It’s not just potential COVID-19 patients that are having a hard time getting seen. According to Andreina Kniss Tafoya, a volunteer for Ktown For All, they’ve been taking unhoused people to the ER with awful wounds, and they're all getting turned away. “We saw a guy today, a recent immigrant monolingual guy with giant gangrenous wounds, and the ambulance wouldn't take him in. They said they had strict orders only if people were actively dead or dying.” 

    We all need to care about each other as much as we care about our tacos. 

    These aren’t isolated events either. I’ve heard this story often lately, and the LA Times has covered the crisis from within the hospitals in incredible depth recently as well. These stories are not unique. At this very moment, there are zero beds available, all the hospitals are overflowing into the parking lot, and even ambulances are sitting parked for four hours or more with patients.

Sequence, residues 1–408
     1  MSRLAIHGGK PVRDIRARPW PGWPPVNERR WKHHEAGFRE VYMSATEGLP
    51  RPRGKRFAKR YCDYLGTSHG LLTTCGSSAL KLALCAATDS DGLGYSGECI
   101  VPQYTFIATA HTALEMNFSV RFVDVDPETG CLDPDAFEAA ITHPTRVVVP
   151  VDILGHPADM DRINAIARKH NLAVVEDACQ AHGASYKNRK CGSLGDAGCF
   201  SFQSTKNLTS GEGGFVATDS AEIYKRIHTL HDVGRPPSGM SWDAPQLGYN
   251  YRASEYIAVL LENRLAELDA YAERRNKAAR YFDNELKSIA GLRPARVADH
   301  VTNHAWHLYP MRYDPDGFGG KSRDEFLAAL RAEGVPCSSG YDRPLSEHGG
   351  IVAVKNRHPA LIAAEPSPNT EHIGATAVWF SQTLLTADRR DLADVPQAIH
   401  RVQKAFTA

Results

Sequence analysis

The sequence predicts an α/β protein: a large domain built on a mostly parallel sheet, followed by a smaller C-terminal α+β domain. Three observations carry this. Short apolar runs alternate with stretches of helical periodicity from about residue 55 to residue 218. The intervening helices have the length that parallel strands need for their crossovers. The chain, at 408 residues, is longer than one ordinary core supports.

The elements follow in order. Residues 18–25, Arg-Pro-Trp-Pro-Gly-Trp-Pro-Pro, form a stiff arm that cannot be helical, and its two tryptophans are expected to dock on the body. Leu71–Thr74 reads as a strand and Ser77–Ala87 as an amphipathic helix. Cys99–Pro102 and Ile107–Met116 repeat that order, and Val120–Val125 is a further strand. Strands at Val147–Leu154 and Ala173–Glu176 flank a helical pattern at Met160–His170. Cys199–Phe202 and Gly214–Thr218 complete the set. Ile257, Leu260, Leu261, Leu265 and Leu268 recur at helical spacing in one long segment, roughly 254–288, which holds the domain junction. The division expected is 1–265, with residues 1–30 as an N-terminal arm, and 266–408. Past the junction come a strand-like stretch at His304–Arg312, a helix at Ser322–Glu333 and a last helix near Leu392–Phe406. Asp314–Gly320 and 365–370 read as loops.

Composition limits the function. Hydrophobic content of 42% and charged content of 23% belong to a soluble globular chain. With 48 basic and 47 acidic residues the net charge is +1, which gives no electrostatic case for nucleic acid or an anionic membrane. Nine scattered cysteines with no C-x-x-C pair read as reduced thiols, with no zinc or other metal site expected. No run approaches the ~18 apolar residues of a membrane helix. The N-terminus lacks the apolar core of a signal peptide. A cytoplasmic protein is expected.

There literally is nowhere to go right now if you get sick. 

    This past weekend, I felt I needed to speak up and posted on Instagram, “You don’t know how many taco stands and trucks I’ve pulled up to and walked away simply because they weren’t practicing safety measures. Not wearing masks, salsas, and garnishes all out in the open for everyone to grab, folks standing over the meats being grilled. It’s frustrating.”

    Walter Soto and a distanced happy customer at El Ruso. Photo by Memo Torres for L.A. Taco.

    I further pleaded with taqueros in my caption to “Please take care of yourselves, show some concern for your customers, and just take those extra steps to minimize people getting sick. It isn’t hard. It’s necessary, especially now. Wear a mask properly, pre-package your salsas, keep customers away from the food. Have someone handle the money and only that. Have someone else hand the food to the customers.”